Defacing of Cerne Abbas Giant by Amazon Provokes National Trust Wrath
A movie PR team at Amazon have defaced a British monument to increase box-office takings for their new Borat film. The National Trust claims they willfully “defaced” the iconic English monument. The Cerne Abbas Giant is a 55-meter-high (180 ft) scheduled monument, a chalk hill figure located near the village of Cerne Abbas in Dorset, England. Depicting a nude male figure with an erection, and another large club in its right hand, the giant’s outline is formed by shallow trenches cut into the hill side which are backfilled with light chalk rubble.
Managed by the National Trust, English folktales suggest the giant is a deeply-ancient Celtic fertility god with the power to make childless women pregnant. However, historians and archaeologists say the first written reference to the giant only dates to 1694 AD, and that the Giant must have been created in the seventeenth-century. Either way, the figure is an iconic monument of British heritage and this is why Amazon’s defacing of the monument has caused outrage within the National Trust.
Let’s Dress Up That Stupid Giant
In a stunt that can only be described as exceptionally shallow, and painfully obvious, a huge face mask was recently stretched over the Cerne Abbas Giant’s genitals with the slogan: “Wear mask. Save live.” The mask represents the mankini worn by British comedian Sacha Baron Cohen in his 2006 movie Borat, and it is thought that this latest PR stunt was executed by the producers of Cohen’s new movie on Amazon. However, a spokesperson for the National Trust says the organization “did not give anyone permission to alter the figure,” and according to the Daily Mail the charity have slammed Amazon’s “defacement” of the famous Cerne Abbas Giant chalk figure.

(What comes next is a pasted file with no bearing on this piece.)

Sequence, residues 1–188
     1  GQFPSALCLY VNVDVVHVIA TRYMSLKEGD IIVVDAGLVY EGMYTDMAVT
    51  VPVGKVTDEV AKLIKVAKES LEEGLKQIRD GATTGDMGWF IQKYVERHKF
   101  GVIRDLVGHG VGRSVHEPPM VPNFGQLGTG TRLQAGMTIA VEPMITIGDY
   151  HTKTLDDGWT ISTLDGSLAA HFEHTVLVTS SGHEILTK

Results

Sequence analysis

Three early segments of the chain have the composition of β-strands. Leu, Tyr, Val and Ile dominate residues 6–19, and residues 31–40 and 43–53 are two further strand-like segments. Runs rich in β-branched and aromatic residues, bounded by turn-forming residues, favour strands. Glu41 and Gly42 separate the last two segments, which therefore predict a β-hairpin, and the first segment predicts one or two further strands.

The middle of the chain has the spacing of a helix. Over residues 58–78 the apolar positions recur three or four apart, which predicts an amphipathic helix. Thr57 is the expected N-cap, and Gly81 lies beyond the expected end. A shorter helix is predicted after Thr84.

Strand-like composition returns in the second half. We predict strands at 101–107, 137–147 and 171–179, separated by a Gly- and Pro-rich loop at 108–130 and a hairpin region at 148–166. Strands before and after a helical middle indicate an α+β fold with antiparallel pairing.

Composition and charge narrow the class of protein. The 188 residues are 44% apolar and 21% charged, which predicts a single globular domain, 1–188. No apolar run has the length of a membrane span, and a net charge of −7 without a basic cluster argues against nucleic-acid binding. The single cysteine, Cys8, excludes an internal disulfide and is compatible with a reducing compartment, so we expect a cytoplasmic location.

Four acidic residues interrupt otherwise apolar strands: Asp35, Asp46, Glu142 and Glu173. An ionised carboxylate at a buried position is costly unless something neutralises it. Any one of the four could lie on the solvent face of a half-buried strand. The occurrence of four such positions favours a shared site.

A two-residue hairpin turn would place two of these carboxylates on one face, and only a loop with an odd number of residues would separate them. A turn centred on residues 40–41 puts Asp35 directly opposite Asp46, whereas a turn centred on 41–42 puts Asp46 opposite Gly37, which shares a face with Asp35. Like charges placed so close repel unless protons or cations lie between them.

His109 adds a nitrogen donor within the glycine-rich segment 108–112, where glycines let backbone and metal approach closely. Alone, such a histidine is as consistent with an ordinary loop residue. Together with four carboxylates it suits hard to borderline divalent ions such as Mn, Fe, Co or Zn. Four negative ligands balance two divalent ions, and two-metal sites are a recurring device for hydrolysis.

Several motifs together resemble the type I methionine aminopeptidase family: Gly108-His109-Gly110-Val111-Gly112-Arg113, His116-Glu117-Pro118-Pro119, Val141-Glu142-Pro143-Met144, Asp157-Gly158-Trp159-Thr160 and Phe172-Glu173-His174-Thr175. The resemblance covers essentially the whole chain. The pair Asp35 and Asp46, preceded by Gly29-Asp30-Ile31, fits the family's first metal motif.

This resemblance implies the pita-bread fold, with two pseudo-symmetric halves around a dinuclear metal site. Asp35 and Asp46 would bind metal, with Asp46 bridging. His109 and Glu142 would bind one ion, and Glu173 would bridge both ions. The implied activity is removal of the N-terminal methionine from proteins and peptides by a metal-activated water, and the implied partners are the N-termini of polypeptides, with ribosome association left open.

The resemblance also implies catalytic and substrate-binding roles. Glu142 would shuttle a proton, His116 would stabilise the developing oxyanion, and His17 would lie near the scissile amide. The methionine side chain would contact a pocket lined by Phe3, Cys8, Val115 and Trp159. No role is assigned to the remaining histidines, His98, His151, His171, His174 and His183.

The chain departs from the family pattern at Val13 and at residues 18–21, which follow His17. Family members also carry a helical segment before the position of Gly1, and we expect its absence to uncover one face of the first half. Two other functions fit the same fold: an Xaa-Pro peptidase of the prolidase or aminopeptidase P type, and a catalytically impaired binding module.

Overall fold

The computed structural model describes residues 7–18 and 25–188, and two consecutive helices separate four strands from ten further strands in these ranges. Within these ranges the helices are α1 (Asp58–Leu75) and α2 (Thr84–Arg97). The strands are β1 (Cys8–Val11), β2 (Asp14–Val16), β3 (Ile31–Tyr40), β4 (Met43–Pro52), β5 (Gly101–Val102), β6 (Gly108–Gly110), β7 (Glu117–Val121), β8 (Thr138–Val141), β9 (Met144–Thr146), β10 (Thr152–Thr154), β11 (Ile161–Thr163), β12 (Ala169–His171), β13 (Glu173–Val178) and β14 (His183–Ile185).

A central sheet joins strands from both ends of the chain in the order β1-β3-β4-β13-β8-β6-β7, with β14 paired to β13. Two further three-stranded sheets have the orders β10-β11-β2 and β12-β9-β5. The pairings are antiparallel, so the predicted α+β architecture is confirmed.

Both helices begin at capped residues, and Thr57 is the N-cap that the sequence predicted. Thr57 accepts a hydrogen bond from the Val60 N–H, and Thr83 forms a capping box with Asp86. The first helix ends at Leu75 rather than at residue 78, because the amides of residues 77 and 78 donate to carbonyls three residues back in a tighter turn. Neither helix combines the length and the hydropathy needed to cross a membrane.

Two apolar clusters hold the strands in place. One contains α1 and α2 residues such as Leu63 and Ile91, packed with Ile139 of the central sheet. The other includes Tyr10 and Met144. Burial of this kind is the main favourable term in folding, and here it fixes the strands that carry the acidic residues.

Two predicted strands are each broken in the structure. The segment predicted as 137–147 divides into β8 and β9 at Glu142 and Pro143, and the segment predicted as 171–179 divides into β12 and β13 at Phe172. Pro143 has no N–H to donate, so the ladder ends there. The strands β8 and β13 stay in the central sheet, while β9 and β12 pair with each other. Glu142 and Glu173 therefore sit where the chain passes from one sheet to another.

- The Cerne Abbas Giant: Drawing of a ‘Rude Man’ Erects Folktales of Fertility Enhancement
- Research Shows Cerne Abbas Giant Chalk Figure Is NOT Ancient
- Like New: Locals and Experts Re-Chalk a ‘Rude’ Giant on a Hill
The PR stunt coincides with the new Borat sequel which began streaming on Amazon Prime Video this week. This is only one of the marketing efforts by Sacha Baron Cohen’s team that have appeared on landmarks across the UK wearing medical face masks, styled like a mankinis, to promote his film's release. Earlier this week a huge inflatable Borat was floated down the River Thames in London and the the mask (mankini) appeared at Edinburgh Castle and Arthurs Seat, the Tower of London and the Angel of the North in Newcastle, but officials at the National Trust, who protect the Cerne Abbas Giant, are “furious” as they were never approached for permission to alter the heritage figure.
We Don’t ‘See’ Any Value Here, So Defacing Is Fine
The giant hillside figure was taken over by the National Trust in 1920. A spokesman said the organization explains that they “do not encourage the defacing of the Cerne Abbas Giant as any such action may damage this fragile site, whether by someone physically attaching something to him or giving the impression of having done so, may encourage others.” Furthermore, the chalk which forms the giant figure is carefully replaced every decade and the more the ground is disturbed the quicker the Giant erodes away. Categorized as a Scheduled Ancient Monument, the chalk giant is located within a Site of Special Scientific Interest as an important chalk grassland filled with wild flowers, butterflies and other wildlife.
The new Borat film is titled Borat Subsequent Moviefilm: Delivery of Prodigious Bribe to American Regime for Make Benefit Once Glorious Nation of Kazakhstan and it is a follow up to Cohen's 2006 movie Borat: Cultural Learnings of America for Make Benefit Glorious Nation of Kazakhstan, for which the comedian was criticized for making a fool of every day American folks, rather than the celebrities who are generally the focus of the Cohen’s jokes. However, to Amazon staff, this whole ordeal will be celebrated as another great PR effort and the Cerne Abbas Giant, like all the everyday American people victimized by the comedian, is just cannon-fodder on his road to Hollywood fortune.
By Ashley Cowie